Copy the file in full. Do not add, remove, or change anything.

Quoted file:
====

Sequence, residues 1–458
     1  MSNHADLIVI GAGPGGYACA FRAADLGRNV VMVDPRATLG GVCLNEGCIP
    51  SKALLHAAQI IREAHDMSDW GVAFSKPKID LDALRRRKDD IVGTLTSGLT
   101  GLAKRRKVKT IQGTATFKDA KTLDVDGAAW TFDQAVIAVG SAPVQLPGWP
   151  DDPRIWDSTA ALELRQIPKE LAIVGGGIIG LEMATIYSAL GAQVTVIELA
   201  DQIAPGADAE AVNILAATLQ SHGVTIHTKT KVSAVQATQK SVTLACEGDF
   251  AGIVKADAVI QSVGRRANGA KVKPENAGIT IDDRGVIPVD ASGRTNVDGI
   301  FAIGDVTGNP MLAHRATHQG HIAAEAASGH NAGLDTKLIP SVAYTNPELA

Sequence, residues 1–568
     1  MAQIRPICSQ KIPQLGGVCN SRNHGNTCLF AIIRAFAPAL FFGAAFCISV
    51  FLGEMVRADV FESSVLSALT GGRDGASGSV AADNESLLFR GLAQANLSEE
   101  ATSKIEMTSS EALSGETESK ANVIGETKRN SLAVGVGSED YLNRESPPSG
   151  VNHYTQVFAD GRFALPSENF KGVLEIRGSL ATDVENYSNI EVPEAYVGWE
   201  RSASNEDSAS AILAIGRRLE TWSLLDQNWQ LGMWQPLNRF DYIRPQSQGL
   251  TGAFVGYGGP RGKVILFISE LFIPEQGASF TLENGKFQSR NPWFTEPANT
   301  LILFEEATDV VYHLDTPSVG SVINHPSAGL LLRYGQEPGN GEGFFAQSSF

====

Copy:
Sequence, residues 1–458
     1  MSNHADLIVI GAGPGGYACA FRAADLGRNV VMVDPRATLG GVCLNEGCIP
    51  SKALLHAAQI IREAHDMSDW GVAFSKPKID LDALRRRKDD IVGTLTSGLT
   101  GLAKRRKVKT IQGTATFKDA KTLDVDGAAW TFDQAVIAVG SAPVQLPGWP
   151  DDPRIWDSTA ALELRQIPKE LAIVGGGIIG LEMATIYSAL GAQVTVIELA
   201  DQIAPGADAE AVNILAATLQ SHGVTIHTKT KVSAVQATQK SVTLACEGDF
   251  AGIVKADAVI QSVGRRANGA KVKPENAGIT IDDRGVIPVD ASGRTNVDGI
   301  FAIGDVTGNP MLAHRATHQG HIAAEAASGH NAGLDTKLIP SVAYTNPELA

Sequence, residues 1–568
     1  MAQIRPICSQ KIPQLGGVCN SRNHGNTCLF AIIRAFAPAL FFGAAFCISV
    51  FLGEMVRADV FESSVLSALT GGRDGASGSV AADNESLLFR GLAQANLSEE
   101  ATSKIEMTSS EALSGETESK ANVIGETKRN SLAVGVGSED YLNRESPPSG
   151  VNHYTQVFAD GRFALPSENF KGVLEIRGSL ATDVENYSNI EVPEAYVGWE
   201  RSASNEDSAS AILAIGRRLE TWSLLDQNWQ LGMWQPLNRF DYIRPQSQGL
   251  TGAFVGYGGP RGKVILFISE LFIPEQGASF TLENGKFQSR NPWFTEPANT
   301  LILFEEATDV VYHLDTPSVG SVINHPSAGL LLRYGQEPGN GEGFFAQSSF